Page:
Notice that my Concept Board includes plenty of my mustard yellow, a bit of houndstooth, and bold pink. Texture is emphasised through the two fabrics and the three coats, which are also from the 1960’s, which is directly referencing the mid-century aesthetic in the branding along with the chair and vintage advertisements. Having this information is really important in informing your future sourcing. This Concept Board was made on my iPad in my Pages app, but I didn’t make it into an actual Board. I was inspired to make this instead:
Notice that my actual Concept Board builds on the preliminary e-board, but adds in a bit more orange and includes my three words. I found some vintage tickets online that I really loved and wanted them in my Concept. I printed my three words onto paper and scribbled pencil on the back of the paper and then traced over the words to imprint the words onto the tickets. I then went over the imprinted pencil with ink to get this:
Following the Concept Board, the Mood Board is next. This is your opportunity to incorporate on what you’ve started with the Concept Board. You don’t have to have all new images, just expound on the ones from your Concept Board.
This is my Mood Board, a.k.a. My Mod Board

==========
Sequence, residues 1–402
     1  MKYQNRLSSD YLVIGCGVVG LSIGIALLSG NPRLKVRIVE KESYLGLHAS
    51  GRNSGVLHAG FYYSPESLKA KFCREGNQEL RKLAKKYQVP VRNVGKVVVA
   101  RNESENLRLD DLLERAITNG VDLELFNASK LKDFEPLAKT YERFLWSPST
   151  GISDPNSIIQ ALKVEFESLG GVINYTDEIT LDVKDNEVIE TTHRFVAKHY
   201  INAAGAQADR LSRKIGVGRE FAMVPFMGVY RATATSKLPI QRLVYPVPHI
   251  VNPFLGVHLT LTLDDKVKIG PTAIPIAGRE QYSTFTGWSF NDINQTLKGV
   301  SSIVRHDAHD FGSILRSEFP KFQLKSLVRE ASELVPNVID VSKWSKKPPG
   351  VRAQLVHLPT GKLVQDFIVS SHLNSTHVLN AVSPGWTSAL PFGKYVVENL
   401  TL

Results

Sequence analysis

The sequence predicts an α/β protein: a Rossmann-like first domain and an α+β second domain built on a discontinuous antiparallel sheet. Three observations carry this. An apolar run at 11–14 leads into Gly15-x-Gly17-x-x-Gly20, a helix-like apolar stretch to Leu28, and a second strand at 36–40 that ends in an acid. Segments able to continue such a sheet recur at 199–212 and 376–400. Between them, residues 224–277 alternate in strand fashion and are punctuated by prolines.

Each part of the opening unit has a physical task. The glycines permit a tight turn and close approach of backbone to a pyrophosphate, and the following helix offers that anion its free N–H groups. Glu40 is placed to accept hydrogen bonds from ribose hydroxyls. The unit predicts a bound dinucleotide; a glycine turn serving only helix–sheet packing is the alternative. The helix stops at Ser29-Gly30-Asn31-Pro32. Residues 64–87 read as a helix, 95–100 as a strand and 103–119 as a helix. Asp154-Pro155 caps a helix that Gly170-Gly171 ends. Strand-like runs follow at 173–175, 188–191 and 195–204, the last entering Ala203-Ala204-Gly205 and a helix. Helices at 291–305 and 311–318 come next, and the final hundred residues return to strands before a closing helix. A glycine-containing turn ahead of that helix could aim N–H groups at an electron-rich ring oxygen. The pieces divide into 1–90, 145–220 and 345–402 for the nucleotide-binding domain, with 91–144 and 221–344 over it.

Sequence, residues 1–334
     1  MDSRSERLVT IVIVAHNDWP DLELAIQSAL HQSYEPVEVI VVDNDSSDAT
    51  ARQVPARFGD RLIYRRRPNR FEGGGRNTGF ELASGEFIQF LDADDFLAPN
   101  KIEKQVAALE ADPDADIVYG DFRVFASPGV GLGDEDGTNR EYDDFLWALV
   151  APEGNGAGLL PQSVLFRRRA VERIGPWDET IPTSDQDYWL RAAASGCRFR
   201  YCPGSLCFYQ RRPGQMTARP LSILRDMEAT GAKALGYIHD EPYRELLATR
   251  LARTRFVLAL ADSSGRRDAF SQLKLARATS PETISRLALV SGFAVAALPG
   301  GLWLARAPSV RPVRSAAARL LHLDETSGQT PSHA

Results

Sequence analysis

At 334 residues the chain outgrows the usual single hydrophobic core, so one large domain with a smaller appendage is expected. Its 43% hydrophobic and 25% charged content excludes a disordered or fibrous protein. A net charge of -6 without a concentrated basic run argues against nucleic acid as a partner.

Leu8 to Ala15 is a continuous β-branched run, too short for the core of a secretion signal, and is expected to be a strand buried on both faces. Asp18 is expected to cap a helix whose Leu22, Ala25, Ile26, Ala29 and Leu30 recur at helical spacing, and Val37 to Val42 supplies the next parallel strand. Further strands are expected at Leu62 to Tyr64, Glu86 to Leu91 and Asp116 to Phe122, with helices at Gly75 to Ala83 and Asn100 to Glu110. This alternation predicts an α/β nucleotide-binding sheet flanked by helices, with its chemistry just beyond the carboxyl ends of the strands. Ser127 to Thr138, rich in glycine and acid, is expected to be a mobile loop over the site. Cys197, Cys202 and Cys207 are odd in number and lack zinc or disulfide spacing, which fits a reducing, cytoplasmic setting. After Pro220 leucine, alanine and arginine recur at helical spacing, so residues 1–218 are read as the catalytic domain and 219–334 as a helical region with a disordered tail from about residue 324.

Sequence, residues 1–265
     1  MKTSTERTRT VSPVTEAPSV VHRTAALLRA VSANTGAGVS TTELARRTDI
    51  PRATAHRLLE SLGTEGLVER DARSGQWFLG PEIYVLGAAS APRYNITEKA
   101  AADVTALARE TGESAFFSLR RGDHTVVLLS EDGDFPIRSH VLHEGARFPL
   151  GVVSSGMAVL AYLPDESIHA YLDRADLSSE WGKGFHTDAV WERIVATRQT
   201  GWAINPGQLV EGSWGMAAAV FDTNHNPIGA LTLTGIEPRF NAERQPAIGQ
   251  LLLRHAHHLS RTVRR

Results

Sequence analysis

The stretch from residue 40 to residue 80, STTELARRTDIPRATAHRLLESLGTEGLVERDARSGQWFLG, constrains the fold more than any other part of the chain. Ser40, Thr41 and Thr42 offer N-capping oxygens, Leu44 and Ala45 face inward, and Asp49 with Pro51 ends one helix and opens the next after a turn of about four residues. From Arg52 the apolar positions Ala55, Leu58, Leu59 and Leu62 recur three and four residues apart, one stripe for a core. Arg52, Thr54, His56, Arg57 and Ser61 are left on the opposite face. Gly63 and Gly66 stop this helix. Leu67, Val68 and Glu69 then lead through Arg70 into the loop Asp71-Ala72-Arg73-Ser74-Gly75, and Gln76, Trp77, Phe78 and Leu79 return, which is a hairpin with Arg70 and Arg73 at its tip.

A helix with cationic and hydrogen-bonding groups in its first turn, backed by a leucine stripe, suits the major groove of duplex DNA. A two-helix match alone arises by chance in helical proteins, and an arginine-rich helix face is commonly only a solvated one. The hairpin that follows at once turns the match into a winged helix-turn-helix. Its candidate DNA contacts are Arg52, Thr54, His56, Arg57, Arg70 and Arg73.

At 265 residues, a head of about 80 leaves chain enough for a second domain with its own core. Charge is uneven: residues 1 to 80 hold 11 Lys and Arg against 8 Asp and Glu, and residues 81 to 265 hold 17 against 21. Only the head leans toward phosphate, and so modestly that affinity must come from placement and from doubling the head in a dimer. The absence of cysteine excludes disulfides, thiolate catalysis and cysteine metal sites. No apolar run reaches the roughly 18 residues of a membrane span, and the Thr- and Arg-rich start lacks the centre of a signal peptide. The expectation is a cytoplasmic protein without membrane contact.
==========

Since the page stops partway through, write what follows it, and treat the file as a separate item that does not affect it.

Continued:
I really want you to see how I came to my choices and not repeat myself too much, so I’m going to go ahead and show you the first three pages of my Design Rationale to explain the process in greater depth. The Design Rationale along with Colour and Lighting Rationales are completed at the end of a project. Consider it to be a summary or a justification of your design decisions and how they work together. I created this Design Rationale with a Colour and Lighting section on each page.
Ok, so that’s a lot to take in from one blog post, but I hope it gives good insight into the early stages of the design process. I will share the remaining Sample Boards for each space in my next post. I’ll move on from there to explain the furniture plan, drawings, and furniture book. I’ll also explain how to put together a sample board and tips for composition and layout.